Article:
Quite some time ago, I realized that much of ‘the debate’ is centered on proving the other side wrong, by citing sources on your own side to show the other side is not telling the whole truth. The problem is that the other side then responds by citing sources on their side, to show that your sources are not telling the whole truth. Of course, all this “they’re not being completely honest” can have some dishonesty mixed in to exaggerate things, eventually degrading everything into “my sources are right, and your sources are wrong”.
How to deal with this conundrum? The answer is surprisingly simple. Just approach the debate with the assumption that every single source on your side, is completely worthless. They are going to spend a lot of effort in casting doubts on sources on your side, so why waste your time in defending them? Of course, that doesn’t mean you just give up.
The other side is fond of starting statements with “According to the CDC…”, so maybe it’s a good idea to take a look at what the CDC is working with. In the old usenet days, the CDC did provide some raw data, but they weren’t too helpful. Now, things are much easier.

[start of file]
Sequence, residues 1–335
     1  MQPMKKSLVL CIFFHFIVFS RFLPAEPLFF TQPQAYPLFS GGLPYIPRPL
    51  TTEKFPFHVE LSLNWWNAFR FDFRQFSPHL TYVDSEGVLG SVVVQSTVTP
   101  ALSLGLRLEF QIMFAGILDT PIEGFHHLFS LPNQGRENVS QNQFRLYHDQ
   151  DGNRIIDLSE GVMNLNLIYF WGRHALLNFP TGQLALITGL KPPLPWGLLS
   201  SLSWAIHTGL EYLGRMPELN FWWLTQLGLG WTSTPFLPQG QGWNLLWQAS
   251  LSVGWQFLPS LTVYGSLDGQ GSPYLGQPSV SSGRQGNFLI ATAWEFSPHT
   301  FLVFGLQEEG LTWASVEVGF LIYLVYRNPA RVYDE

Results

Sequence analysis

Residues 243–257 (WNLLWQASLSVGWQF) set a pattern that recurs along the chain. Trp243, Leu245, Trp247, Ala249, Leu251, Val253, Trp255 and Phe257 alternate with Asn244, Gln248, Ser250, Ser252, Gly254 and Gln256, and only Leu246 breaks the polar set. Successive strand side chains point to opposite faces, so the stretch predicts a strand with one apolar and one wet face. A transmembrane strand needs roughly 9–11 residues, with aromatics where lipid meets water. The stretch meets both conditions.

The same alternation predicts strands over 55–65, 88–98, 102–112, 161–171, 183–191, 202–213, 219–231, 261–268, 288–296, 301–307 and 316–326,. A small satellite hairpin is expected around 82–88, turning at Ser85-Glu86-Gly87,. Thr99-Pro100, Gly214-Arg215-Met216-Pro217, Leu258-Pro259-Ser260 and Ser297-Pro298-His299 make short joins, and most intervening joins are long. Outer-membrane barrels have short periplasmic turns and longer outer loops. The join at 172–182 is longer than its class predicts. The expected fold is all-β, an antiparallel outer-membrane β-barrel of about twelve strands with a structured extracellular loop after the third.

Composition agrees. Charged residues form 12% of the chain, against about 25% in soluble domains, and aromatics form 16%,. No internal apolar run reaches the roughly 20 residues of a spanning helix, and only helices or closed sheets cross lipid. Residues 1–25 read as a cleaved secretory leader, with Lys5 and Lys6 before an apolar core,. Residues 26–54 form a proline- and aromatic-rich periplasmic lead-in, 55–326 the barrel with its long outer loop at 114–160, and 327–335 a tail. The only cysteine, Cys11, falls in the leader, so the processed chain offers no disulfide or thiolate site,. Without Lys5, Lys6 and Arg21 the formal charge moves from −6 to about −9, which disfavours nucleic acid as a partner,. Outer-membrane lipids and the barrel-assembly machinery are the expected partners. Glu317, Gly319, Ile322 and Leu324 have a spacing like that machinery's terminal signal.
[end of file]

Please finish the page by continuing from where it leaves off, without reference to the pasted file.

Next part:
The biggest problem with the CDC’s WISQARS system, is that it lumps criminal homicide and justified homicide (such as self-defense) into one category. Even with that limitation, it does provide a handy quick reference about statistics on firearm related deaths (the system also has a section on non-fatal injuries that needed medical treatment). So when the other side makes some claim about children being accidentally shot, you can look up the CDC’s data and provide the actual numbers.
The FBI’s Uniform Crime Reports is another useful source.
The biggest drawback to the UCRs, is that it’s not as handy as the CDC’s WISQARS, so you’ll have to do a little more digging through their numbers.
When the other side makes a claim, look at the source they are citing. If they don’t cite a source, ask for one. Then look for data directly from that source. Quite often, they will take statements or data out of context, and looking at the source will show how they skewed things.
You can also search for other sources on their side, that are making similar claims. Once they start skewing things, you should be able to find contradicting claims on at least some of the topics, because they are each trying to make the ‘out of context’ claims apply to their individual points. Which would be more effective in responding to their quoting a claim from the Brady Campaign? …citing something from the NRA that says their claim is not using the right numbers? …or citing something from the Violence Policy Center that says their claim is not using the right numbers?